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    Casey's Asks Shareholders to Reelect Current Board

    Meanwhile, Couche-Tard calls Casey's private placement plan "outrageous."

    ANKENY, IOWA -- Casey's General Stores Inc. sent a letter to its shareholders yesterday, urging them to reelect the convenience store company's current board during to its annual meeting of shareholders to be held Sept. 23, 2010.

    The company nominated all of Casey's directors for reelection at the annual meeting. The letter, from Casey's President and Chief Executive Officer Robert J. Myers, said the directors have "a superb track record of delivering value to shareholders," and shareholders' votes are "very important at this pivotal time in the company's history."

    Earlier this year, Laval, Quebec-based Alimentation Couche-Tard Inc. revealed plans to nominate a full slate of independent directors to Casey's board, as part of its hostile takeover attempt of Casey's. Couche-Tard currently has a tender offer available to shareholders for $36.75 per share, which Casey's has repeatedly called undervalued.

    Myers goes on to state that Casey's believes Couche-Tard's nomination plans are "simply an attempt to advance its inadequate, unsolicited offer for Casey's." The executive also said: "We believe Couche-Tard's nomination of an opposition slate is solely an attempt by Couche-Tard to advance its proposal for a business combination with Casey's."

    He added: "Under the leadership of our current board, Casey's is already creating far greater value for shareholders than is reflected in Couche-Tard's offer. We urge you to discard any blue proxy cards you receive from Couche-Tard and vote the enclosed WHITE proxy card today."

    Myers also touched on another company initiative to buy back approximately 25 percent of Casey's outstanding shares at a price of $38 to $40 per share, through a $500 million recapitalization plan. "The Casey's board believes Casey's stock is meaningfully undervalued at recent trading levels," the letter stated.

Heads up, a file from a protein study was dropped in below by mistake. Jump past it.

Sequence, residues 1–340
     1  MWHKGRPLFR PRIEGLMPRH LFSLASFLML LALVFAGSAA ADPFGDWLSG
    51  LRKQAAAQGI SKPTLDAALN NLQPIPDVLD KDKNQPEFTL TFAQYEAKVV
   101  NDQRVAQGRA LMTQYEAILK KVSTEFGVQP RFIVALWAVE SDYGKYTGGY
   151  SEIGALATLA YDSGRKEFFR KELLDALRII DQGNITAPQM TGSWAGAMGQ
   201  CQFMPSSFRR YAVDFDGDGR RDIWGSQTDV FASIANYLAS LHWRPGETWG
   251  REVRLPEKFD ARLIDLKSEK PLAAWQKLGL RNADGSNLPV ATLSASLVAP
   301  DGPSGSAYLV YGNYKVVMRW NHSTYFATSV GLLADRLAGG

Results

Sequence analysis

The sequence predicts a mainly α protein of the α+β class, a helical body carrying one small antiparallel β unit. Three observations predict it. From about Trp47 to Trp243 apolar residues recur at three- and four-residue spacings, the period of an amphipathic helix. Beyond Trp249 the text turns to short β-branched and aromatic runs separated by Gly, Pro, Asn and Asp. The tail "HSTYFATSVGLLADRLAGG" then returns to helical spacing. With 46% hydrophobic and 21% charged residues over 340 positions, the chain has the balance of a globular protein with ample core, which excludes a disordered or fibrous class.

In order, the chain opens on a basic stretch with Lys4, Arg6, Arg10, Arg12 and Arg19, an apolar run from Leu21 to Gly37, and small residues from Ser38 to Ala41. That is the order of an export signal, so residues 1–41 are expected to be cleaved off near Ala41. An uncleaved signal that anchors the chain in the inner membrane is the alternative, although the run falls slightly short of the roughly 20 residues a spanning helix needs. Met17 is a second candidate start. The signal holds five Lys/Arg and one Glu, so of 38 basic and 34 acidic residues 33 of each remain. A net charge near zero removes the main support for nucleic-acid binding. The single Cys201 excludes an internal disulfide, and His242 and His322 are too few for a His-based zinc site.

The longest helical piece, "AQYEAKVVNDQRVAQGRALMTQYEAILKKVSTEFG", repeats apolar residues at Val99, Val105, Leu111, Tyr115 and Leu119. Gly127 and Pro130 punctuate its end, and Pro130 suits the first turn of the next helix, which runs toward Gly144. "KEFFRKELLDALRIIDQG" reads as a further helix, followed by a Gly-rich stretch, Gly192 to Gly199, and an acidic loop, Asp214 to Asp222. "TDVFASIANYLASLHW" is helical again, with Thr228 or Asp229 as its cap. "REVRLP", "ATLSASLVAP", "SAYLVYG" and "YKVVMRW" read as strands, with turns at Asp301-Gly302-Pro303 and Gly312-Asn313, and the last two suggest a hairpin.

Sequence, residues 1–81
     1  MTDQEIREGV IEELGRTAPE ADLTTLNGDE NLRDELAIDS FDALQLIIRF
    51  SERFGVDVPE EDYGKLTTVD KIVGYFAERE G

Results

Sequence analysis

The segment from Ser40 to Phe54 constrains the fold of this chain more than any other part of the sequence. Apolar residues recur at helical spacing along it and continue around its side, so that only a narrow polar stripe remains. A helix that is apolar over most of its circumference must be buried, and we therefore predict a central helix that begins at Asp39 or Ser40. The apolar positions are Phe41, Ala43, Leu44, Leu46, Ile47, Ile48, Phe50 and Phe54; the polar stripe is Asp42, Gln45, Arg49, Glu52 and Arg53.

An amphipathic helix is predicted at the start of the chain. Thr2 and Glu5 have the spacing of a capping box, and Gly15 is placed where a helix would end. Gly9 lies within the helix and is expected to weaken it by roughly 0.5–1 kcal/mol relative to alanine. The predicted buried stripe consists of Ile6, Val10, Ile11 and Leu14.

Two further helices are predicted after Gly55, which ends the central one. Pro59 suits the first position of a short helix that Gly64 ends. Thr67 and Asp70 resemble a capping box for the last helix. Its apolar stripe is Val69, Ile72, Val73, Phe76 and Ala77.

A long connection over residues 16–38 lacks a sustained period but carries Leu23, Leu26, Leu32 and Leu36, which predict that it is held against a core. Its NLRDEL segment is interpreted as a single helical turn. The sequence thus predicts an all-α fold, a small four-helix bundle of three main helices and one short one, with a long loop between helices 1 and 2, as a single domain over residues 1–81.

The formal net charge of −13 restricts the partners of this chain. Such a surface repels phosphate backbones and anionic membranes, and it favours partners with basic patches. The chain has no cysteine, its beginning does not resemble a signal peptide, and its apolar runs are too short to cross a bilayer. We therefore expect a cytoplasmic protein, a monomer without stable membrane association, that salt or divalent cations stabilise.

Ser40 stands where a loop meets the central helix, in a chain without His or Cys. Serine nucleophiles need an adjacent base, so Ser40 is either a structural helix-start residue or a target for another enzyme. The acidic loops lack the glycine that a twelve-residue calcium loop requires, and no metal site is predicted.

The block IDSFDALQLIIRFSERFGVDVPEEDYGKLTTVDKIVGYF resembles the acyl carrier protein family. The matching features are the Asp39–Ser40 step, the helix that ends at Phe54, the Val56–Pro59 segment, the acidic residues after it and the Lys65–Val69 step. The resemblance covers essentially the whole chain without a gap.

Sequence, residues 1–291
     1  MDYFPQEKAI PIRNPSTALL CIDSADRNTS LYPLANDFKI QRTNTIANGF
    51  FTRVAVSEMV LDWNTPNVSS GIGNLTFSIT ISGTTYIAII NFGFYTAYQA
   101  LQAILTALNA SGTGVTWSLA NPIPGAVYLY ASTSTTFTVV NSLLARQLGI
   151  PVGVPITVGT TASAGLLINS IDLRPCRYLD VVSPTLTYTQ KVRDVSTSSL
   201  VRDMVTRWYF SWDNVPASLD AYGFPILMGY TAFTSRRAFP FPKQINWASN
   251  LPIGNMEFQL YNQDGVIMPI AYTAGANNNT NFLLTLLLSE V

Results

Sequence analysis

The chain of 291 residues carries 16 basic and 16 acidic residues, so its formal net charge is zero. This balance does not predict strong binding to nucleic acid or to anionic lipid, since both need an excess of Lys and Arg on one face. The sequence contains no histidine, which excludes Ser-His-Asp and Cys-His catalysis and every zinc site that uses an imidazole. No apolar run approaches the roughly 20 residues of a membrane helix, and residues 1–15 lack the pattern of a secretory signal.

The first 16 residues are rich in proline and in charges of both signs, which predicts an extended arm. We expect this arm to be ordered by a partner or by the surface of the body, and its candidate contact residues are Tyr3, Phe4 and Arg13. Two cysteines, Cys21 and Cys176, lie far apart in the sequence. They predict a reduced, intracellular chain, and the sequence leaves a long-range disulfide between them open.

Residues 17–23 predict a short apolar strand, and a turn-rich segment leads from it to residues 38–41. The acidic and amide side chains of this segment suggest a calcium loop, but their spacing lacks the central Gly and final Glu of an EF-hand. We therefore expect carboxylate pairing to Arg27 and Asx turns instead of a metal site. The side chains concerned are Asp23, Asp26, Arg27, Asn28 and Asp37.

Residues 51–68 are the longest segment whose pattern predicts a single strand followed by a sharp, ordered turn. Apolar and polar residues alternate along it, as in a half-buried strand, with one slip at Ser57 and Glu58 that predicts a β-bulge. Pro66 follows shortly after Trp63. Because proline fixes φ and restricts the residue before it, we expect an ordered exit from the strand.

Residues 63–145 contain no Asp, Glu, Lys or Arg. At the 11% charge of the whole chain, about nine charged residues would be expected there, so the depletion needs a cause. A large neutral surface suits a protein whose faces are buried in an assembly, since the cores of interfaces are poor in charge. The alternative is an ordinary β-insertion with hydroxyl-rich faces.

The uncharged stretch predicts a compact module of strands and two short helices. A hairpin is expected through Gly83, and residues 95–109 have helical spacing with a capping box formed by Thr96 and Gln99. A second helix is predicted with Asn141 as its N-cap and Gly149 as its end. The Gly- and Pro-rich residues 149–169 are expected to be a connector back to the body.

Explaining that the board thoroughly reviewed Couche-Tard's offers before rejecting them, Myers wrote to shareholders that the company's strong performance and strategic growth initiatives will deliver "far greater value than Couche-Tard's lowball offer. This value creation will be further enhanced by our highly accretive recapitalization plan."

    He continued: "We are clearly not alone in our belief. We note that the number of shares tendered into Couche-Tard's offer has declined from 19.2 percent of Casey's outstanding shares on July 12, 2010 to just 12 percent as of August 2, 2010. The low -- and declining -- number of shares tendered clearly shows a lack of support for Couche-Tard's offer, notwithstanding its slight increase in offer price. We continue to recommend that shareholders NOT tender their shares into the Couche-Tard offer."

    In response, Couche-Tard issued a statement regarding Casey's completion of a private placement of $569 million to execute the recapitalization plan, saying the plan to "transfer value from the Casey's shareholders to noteholders is outrageous." It goes on to claim that it contains a so-called "poison put" feature in favor of the noteholders that would entrench the Casey's board and management. Under the 'poison put' feature, Couche-Tard claims Casey's is required to pay noteholders approximately $95 million in penalties, along with other monetary sums, if any party acquires 35 percent or more of the outstanding shares of Casey's.

    " The financing makes it almost $2 per share more expensive to acquire Casey's -- that is $2 that could have gone to the shareholders but instead is designated for noteholders in the event of any such acquisition," Couche-Tard said in a statement. "The Casey's board and management are willing to give almost 5 percent of the company's current equity value … to the noteholders in a desperate attempt to keep their jobs at the expense of the Casey's shareholders."

    According to Couche-Tard, the terms also require Casey's to pay noteholders approximately $95 million in penalties if the Casey's shareholders decide to replace a majority of the Casey's board. "The Casey's board and management are trying to take the decision regarding the future of the company away from the Casey's shareholders by putting this expensive 'poison put' in place," the company stated.

    Couche-Tard goes on to state that Casey's has had more than 10 months to consider alternatives to maximize value for all Casey's shareholders, and it believes the recapitalization plan is a signal that there are no other buyers for Casey's at a price exceeding Couche-Tard's $36.75 per share offer. "The actions taken by Casey's signal that it is unable to effectively deploy capital to create sustainable and profitable growth and value," Couche-Tard stated.

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